Real Estate Agents – Disclose Dual Agency Or Risk Losing Commissions

by: Robert Pacan

It’s not uncommon for a real estate agent to act a dual agent for the buyer and seller on a real estate transaction.  In doing so, the listing agent would disclose his or her relationship with the potential buyer before an offer is presented, as per the standard listing agreement terms.  A listing agreement sets out commission rates, listing periods, as well as the terms and conditions with respect to ‘multiple representation’, also known as ‘dual agency’.

In the recent Ontario Superior Court of Justice decision of Partners Limited Realty (Royal Lepage) v. Morrow (January 9th, 2014), the issue of dual agency and commission was in question.  A real estate agent lost close to $18,000.00 in commission for not disclosing to her seller client that she also represented the buyers.

The real estate agent wanted to present an offer to the seller for the purchase of her home.  The agent would not show the seller the offer until she obtained a listing agreement for the house.  The seller agreed to sign the listing agreement and was presented with the offer.  In the listing agreement, the commission clause contained a provision which stated that commission would be paid out to the agent even if an accepted deal fell through, through no neglect of the agent.  The listing agreement also contained a dual agency clause that read as follows:

…the Listing Broker is required to inform me in writing of a Dual Agency situation with the Seller and Buyer at the earliest practical opportunity and in all cases prior to any offer to purchase or lease being submitted or presented

[emphasis added]

In this case, the seller entered into the agreement of purchase and sale, but in the end chose not to close under her own volition.  The agent’s brokerage, Royal Lepage, argued that the commission was still payable, given that the reason for not closing was the seller’s own refusal to close.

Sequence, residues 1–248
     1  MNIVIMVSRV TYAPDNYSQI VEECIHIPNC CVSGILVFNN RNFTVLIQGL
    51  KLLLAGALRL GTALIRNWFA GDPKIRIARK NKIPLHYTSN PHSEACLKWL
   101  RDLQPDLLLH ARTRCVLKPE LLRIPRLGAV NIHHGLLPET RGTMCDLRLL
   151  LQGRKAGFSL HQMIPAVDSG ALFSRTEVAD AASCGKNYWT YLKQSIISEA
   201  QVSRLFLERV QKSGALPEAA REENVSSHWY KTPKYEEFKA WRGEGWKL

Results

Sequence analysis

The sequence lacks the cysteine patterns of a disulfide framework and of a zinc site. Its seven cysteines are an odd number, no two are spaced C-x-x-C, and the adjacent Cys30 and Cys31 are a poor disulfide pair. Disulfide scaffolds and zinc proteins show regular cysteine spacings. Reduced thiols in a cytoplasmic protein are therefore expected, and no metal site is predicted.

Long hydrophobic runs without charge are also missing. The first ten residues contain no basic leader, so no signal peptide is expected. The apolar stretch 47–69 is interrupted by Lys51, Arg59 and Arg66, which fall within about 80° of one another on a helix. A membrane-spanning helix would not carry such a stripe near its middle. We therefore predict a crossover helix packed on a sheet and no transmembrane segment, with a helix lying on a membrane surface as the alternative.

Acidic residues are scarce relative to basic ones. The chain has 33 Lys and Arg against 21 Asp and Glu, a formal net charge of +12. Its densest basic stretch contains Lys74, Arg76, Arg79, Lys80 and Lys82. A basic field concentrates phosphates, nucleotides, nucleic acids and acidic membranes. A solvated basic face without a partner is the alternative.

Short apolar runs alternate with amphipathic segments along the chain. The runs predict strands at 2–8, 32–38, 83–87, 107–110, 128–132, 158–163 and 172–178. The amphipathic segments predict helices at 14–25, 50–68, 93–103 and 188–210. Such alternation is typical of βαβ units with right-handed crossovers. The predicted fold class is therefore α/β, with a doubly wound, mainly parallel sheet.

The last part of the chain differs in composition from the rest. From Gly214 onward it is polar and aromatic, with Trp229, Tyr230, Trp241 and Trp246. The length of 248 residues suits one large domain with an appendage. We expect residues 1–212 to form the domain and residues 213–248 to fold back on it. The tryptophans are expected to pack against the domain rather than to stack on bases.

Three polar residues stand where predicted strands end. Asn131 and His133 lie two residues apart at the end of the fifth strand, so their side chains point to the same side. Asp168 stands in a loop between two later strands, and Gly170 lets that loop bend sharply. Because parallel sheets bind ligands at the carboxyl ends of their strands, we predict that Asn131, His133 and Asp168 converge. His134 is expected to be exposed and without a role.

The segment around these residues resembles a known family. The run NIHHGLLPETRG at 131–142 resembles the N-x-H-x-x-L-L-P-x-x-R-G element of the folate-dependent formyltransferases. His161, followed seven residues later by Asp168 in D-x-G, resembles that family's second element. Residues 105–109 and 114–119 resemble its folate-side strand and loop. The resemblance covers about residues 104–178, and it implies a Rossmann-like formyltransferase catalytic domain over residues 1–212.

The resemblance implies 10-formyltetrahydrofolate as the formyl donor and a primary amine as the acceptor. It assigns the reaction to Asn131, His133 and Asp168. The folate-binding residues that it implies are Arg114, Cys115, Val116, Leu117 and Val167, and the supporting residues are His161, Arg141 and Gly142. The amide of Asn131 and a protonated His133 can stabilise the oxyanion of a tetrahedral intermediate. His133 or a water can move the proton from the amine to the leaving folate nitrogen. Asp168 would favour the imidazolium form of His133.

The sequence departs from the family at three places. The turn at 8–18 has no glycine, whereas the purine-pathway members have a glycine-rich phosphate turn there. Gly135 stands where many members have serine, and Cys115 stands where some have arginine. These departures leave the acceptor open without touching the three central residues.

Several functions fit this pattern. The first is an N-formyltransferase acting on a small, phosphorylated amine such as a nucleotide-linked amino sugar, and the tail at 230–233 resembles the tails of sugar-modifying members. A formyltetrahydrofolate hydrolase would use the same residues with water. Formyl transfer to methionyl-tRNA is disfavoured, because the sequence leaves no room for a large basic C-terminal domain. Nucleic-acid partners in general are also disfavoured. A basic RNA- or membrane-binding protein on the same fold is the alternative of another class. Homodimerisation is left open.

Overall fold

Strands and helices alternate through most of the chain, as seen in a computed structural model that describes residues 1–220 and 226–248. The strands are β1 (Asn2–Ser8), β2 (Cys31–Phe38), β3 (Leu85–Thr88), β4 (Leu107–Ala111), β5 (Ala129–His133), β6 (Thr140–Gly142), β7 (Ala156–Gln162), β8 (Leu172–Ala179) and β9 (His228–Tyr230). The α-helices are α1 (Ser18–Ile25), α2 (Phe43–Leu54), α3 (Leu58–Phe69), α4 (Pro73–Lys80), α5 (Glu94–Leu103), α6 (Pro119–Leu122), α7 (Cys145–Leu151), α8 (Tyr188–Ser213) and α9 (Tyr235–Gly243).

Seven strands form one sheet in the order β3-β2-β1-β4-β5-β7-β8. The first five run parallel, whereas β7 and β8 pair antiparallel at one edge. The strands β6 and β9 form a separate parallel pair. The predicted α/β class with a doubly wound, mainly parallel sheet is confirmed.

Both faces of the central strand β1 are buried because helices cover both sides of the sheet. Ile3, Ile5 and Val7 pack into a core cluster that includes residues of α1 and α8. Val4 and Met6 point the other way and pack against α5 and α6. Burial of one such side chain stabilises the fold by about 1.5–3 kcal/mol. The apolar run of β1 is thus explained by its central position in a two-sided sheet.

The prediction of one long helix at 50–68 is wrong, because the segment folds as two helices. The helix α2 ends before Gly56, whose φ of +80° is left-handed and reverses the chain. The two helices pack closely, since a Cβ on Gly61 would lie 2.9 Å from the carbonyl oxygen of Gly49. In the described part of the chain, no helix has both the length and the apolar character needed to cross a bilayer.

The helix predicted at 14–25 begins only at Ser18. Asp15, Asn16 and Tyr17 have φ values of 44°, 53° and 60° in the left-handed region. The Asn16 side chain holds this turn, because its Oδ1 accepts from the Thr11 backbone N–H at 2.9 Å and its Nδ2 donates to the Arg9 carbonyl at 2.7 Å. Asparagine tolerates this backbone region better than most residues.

The offer was from purchasers who were also represented by the same agent.  The seller argued that the agent had not notified her in writing of the dual agency situation “prior to any offer being presented,” as required by the listing agreement. The seller testified that had she known that the agent was also representing the purchasers, she would not have entered into the listing agreement. It appears the court’s decision hinged on the drafting of the listing agreement requiring the notification of dual agency be in writing prior to an offer being presented).  As the Court outlined in its decision, the notification requirement was included in the listing agreement for the purpose of informing the signing party of the nature and terms of the relationship being entered into with the agent.

Ultimately, the Court found that the agent breached the listing agreement by not disclosing a material fact with respect to the nature of the relationship between her and the purchasers.  Therefore, while the listing agreement provided for commission to be paid to the real estate agent even when the deal did not close, the agent received no commission due to her lack of disclosure.

The takeaway as a real estate agent is to disclose dual agency relationships! Don’t wait until you present an offer to your sellers to tell them you represent the buyers. Listing agreements state that consent is needed prior to presenting offers. Be overly cautious and methodical when going over listing agreements with your clients.  In order to maximize protection as to what was discussed between agent and client when signing the listing agreement, agents should take notes as to which clauses were reviewed and/or any discussions that took place with the client with respect to said clauses.  Hold on to these notes in case questions arise in the future.

This blog contains strictly general information and is not intended to replace advice from a qualified legal professional. The contents of this blog are therefore not to be relied upon as such. Any facts or examples used are for illustrative purposes only and not intended to address specific incidents or problems. Use of this information does not constitute a lawyer-client relationship. Retain a lawyer for legal advice prior to making any decisions referenced in this blog.